2019-07-04 Children’s Services

On Wednesday morning the Children’s Commissioner for England launched two major pieces of research. The annual Vulnerability Framework shows the full breadth and depth of children’s additional needs in England, from mental health to fragile families.  And an in-depth study of council spending on children covers everything from school buses to special educational needs. The study shows that a great deal of council spending is going on some extremely expensive help for a very small number of difficult cases.  This doesn’t mean that those children don’t need help, but in many cases the fact that they have reached this stage is a result of the failure to help them earlier on.  And the lack of money for everyone else jeopardises the ability to support thousands more children who are often left with no support at all.   If the right support could be put in place as soon as problems become apparent, many more children could stay with their families.

The Children’s Commissioner research demonstrates that there is a significant gap between the needs of children in England, and the degree to which these needs are being met.  Whether it is the whole family that needs support (such as when a parent has significant health problems) or child-level needs (such as childhood mental health problems), only a fraction of children are getting the help they need.  Roughly one-third of children in need are receiving some support; one-third are known to the authorities but are getting no support or the support is unclear; and a third are not even known to the agencies that could help because their needs have not been identified or referred on.  It currently takes around a year for most hard-pressed parents in Suffolk to get a diagnosis of autism for their child.

This failure to help has devastating consequences for children’s short-term well-being and long-term prospects. The Department for Education’s ‘Child in Need’ review published earlier this month showed that across England 1.6 million children ought to have been getting statutory social services in the past six years.  These children normally start school less able to cope than the children around them, and fall further and further behind as they grow up.  Just 17% of the children who have ever been considered ‘in need’ go on to pass English and Maths GCSEs.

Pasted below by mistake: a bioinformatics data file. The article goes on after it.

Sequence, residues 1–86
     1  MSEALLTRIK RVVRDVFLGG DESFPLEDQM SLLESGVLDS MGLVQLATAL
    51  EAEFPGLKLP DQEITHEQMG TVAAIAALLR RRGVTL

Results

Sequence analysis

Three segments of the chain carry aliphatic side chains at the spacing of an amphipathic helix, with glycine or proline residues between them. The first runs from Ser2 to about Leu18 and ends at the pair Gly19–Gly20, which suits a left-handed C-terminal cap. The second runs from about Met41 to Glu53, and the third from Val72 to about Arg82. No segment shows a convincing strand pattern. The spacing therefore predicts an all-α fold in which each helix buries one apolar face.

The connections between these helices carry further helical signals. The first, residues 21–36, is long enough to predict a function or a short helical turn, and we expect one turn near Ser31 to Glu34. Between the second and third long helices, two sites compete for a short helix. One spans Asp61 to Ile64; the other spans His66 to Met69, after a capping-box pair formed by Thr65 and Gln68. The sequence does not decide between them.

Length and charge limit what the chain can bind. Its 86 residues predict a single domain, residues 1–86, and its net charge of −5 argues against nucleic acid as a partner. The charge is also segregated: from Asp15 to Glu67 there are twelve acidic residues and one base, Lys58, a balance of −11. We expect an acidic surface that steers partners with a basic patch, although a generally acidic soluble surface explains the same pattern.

Many families have come to my surgeries recently to seek my help in urging the County Council to find some support for their children, especially the right school places.  When children can no longer cope with mainstream schools there are nowhere near enough different alternatives to enable them to continue their education in a supported environment.  Support for children to remain in mainstream schools is also woefully inadequate.  Far too many pupils are being permanently excluded from school – in some cases those children should be able to transfer to other supported learning places, and in some cases they should be getting more support to stay in their school, but it helps nobody, least of all the children themselves, for them to simply be wandering the streets.  On Tuesday, Adoption UK briefed MPs that adopted children are 20 times more likely than others to be permanently excluded from school.  Our schools need far more resources – both money and expertise – to help them reduce their level of exclusions.

For too long the government – and the County Council – have focused only on managing demand for services instead of asking ‘what helps these children lead happy, successful lives?’  We need to ask why families are under strain, what health and counselling needs they have, how our schools can be more supportive, and whether there are additional special schools or children’s health services which could make a difference.  The Commissioner’s reports estimate that it will require about £10bn a year extra by 2025 to transform health, education and children’s social care so that they help all the children and families that need it, and make a meaningful difference to the lives and prospects of several million children.

The extra resources needed may seem daunting, but the cost to those children, to their families, and to Society as a whole, of NOT helping them is immense.  We need to be more ambitious for these children and what they can achieve. At present, there is no strategy for children with extra needs within Government and this needs to change. The Children’s Commissioner is challenging the Government to make these children a priority, so that we can have a plan to improve their lives and their outcomes.  If we don’t do so, we will be storing up trouble for the future, for them and for ourselves.